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Passport to space

Recently there has been a lot of talk about space tourism, mainly through private spaceships. Is this a market with significant profit potential, as the various space entrepreneurs claim, or is this an expensive public relations performance?

Tal Inbar, Galileo 112

space vehicle
space vehicle

Recently, there has been a lot of talk about space tourism, mainly through various private spaceships that are being planned or currently being built in the United States and Europe. The Virgin Galactic company founded by the British billionaire Sir Richard Branson has had competitors from home (including an initiative of Amazon founder Jeff Bezos) and from abroad - with the announcement by the European aerospace corporation EADS Astrium of its entry into the space tourism market and the development of a spacecraft A new passenger, which will fly into space in 2012.

Is this a sustainable market, with considerable profit potential, as the various space entrepreneurs claim, or are we facing expensive PR stunts, which appeal only to bored millionaires looking for new thrills?

The White Knight of Rotan

Suborbital space tourism (in which the spacecraft reaches an altitude of about 2004 km, but does not enter the coffee orbit around the Earth) was made possible primarily thanks to the X-Prize competition and the team that won it in October XNUMX, led by the designer of the first manned private spacecraft, Brett Rutan ).

Rotan and his team built the spacecraft known as SpaceshipOne, which looks like a wide-wing squat plane. This spaceship is carried into the air to a high altitude by another plane of Rotan's design, known as the "White Knight". When the mother plane reached the intended altitude, the small spacecraft detached from its belly, fell a little to gain a safety distance from the plane that raised it to altitude, and activated its rocket engine.

After a short burn, the spaceship continues to climb to a high altitude - and performs an arcuate trajectory, in part of which its passengers get to experience a feeling of levitation, weightlessness (almost - this is a state of microgravity, which non-experts usually call "zero gravity"), which lasts a few minutes .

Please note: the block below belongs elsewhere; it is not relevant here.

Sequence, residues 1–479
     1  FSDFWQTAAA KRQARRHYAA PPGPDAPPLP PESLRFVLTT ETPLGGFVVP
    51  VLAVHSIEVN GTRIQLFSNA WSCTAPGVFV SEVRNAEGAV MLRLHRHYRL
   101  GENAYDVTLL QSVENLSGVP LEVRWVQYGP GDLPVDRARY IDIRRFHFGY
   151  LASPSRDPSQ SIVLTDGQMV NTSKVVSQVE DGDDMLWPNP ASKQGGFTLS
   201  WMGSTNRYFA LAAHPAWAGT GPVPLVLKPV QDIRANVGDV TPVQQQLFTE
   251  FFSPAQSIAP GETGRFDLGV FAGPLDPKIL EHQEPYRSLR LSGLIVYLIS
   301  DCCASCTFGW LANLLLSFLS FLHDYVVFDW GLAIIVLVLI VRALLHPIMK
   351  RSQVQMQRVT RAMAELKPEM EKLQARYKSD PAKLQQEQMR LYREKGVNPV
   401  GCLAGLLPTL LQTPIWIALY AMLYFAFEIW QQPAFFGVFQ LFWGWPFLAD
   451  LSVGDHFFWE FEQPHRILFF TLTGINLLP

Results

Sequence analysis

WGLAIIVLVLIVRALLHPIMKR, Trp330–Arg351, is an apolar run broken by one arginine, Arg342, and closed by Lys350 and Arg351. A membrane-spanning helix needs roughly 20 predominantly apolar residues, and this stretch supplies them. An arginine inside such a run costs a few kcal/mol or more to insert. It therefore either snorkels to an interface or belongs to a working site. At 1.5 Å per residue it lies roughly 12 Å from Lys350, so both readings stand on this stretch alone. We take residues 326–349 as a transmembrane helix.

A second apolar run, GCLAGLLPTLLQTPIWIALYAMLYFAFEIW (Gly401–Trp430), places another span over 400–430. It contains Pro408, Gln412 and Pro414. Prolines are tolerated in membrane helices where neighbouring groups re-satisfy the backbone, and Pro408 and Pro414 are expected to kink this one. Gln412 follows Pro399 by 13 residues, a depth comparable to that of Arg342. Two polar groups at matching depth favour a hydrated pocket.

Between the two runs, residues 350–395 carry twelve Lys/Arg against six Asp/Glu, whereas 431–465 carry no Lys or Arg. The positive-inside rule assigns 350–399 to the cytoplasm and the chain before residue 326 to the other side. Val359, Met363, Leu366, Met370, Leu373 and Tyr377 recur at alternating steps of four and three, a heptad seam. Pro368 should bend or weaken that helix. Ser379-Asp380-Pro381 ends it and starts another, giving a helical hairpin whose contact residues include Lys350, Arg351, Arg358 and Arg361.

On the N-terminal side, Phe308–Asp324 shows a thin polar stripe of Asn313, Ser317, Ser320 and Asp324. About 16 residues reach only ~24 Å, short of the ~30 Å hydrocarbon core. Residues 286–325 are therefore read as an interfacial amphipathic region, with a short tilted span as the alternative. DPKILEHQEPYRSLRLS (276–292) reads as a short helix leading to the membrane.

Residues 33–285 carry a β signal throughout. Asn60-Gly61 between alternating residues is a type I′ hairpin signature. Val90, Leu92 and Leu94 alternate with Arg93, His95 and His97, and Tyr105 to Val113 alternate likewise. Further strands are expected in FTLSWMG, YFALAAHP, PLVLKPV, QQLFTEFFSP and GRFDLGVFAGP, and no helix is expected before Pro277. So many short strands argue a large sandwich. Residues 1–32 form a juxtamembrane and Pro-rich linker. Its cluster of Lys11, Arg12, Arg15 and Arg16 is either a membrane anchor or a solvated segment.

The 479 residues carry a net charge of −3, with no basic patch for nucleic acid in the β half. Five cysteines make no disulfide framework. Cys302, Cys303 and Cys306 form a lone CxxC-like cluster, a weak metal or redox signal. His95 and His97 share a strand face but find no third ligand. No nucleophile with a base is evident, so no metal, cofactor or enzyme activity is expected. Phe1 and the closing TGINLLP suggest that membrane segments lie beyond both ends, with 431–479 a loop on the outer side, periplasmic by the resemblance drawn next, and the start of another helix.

After hovering in space, the spacecraft returned to the Earth's atmosphere, and it glides to land as a lander and lands on a runway at the airport from which the mother plane took off with it about an hour earlier. Some tourist spacecraft currently under development will be able to land on a runway at a nearby airport using jet engines. These spacecraft have a certain advantage over hovering spacecraft, especially in stormy weather.

Two senior managers of Virgin Galactic recently visited Israel, on the occasion of the launch of the company's activities in the country. I spoke with Alex Tai, a former British Air Force pilot who holds several flight speed records and currently serves as the company's director of operations. According to the plan, Tai will fly the spacecraft on its first commercial flight, in which Richard Branson himself will fly, with his parents, wife and children. In talking with him I learned a lot about the company's future plans and various developments it is involved in, which are published here for the first time.

The shipping cost per kg

Computer simulation of Virgin Galactic's spaceport in New Mexico
Computer simulation of Virgin Galactic's spaceport in New Mexico

Referring to the different design of the space planes of the competitors (EADS and the Rocketplane company), Tai said that the idea of ​​installing jet engines in the spacecraft, for the purpose of self-launch without a mother plane, allows greater operational flexibility, but this flexibility is paid for in the carrying capacity of an aircraft Space - four paying passengers instead of six in a Virgin spaceship.